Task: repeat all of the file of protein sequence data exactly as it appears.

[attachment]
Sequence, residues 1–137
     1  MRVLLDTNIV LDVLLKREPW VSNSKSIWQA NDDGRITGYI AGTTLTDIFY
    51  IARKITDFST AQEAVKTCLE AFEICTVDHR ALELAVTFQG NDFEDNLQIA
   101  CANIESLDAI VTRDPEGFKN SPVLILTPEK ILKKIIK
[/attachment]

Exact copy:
Sequence, residues 1–137
     1  MRVLLDTNIV LDVLLKREPW VSNSKSIWQA NDDGRITGYI AGTTLTDIFY
    51  IARKITDFST AQEAVKTCLE AFEICTVDHR ALELAVTFQG NDFEDNLQIA
   101  CANIESLDAI VTRDPEGFKN SPVLILTPEK ILKKIIK